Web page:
The bit I quoted was your statement which essentially said that any KM84s would need service, which isn't true. That had nothing to do with relative value. Regardless, a quality KM84 for $1,600 is a great value IMO. As Bob said, it's one of those mics where you set it near the instrument and get on with other things -- it's a classic for good reason and most other mics (designed with the KM range in their cross hairs) will be a compromise in one way or another. For $1,600 you get the real thing.
Old 9th February 2011
  #47
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km184s are able to handle pretty much anything you can throw at them and deliver stunning results. i have owned DPA 4011s, schoeps CMC64s, royer r-121s, coles 4038s, beyer MC-930s, AKG C481s and 461s, neumann km184s and 140s, AT4051s, gefell M300s, DPA 4006s and 4061s and 4090s, etc, etc. all of them are pretty mice mics, and once you learn their quirks and characteristics, you can make any of them turn in a nice recording.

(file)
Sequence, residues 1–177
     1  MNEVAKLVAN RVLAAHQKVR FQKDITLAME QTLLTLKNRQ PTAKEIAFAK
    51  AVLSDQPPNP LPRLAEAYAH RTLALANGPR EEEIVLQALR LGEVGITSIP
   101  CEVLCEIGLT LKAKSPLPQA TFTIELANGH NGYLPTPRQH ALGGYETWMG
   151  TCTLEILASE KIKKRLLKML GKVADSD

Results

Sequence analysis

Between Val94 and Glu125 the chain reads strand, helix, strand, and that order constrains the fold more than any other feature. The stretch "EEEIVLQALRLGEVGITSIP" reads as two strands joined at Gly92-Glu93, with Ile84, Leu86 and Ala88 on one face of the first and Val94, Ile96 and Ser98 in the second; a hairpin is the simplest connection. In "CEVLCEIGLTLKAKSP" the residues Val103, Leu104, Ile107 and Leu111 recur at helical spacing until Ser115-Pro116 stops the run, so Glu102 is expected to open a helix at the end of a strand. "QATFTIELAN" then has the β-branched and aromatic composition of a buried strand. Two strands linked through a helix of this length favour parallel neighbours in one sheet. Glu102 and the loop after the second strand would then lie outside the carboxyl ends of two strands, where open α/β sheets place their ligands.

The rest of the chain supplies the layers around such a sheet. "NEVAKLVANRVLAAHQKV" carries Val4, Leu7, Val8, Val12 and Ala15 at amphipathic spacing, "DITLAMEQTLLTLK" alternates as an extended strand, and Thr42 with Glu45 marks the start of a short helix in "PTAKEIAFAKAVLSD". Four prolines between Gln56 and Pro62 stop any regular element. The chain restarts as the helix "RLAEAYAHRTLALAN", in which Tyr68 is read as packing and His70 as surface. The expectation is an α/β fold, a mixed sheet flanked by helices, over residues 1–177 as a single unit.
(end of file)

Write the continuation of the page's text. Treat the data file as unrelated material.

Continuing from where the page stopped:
personally, out of all of those mics, i finally settled on the DPA 4090 as my favorite for acoustic instrumental spot duties and KM140s as a main ORTF pair for small enslemble work. however, in the end, how you use a mic has much more to do with the final sound than any inherent difference between any of the high end SDCs i have owned.

while it is always preferable to using potential new mics yourself, next to that i find that actual comparative samples that you can hear with your ears on your monitors are far more valuable than anyone's written description or opinion. i have posted sample comparisons of the KM184s vs MC930s vs AT4051s vs KM140s vs DPA 4061s here on GS, and there is a recent test in the shootouts forum posted by Ivo Sedlacek comparing km184s to three varieties of schoeps capsules. the KM184s demonstrate very clearly that they are competitive with any SDC made, at any price.
Old 10th February 2011
  #48
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Quote:
Originally Posted by jnorman View Post
km184s are able to handle pretty much anything you can throw at them and deliver stunning results. i have owned DPA 4011s, schoeps CMC64s, royer r-121s, coles 4038s, beyer MC-930s, AKG C481s and 461s, neumann km184s and 140s, AT4051s, gefell M300s, DPA 4006s and 4061s and 4090s, etc, etc. all of them are pretty mice mics, and once you learn their quirks and characteristics, you can make any of them turn in a nice recording.
There's certainly some truth here, and I feel like the reality about any of these higher-end SDCs is much closer to the sentiment above than to the usual GS bash-this-mic, love-this-other-mic dribble.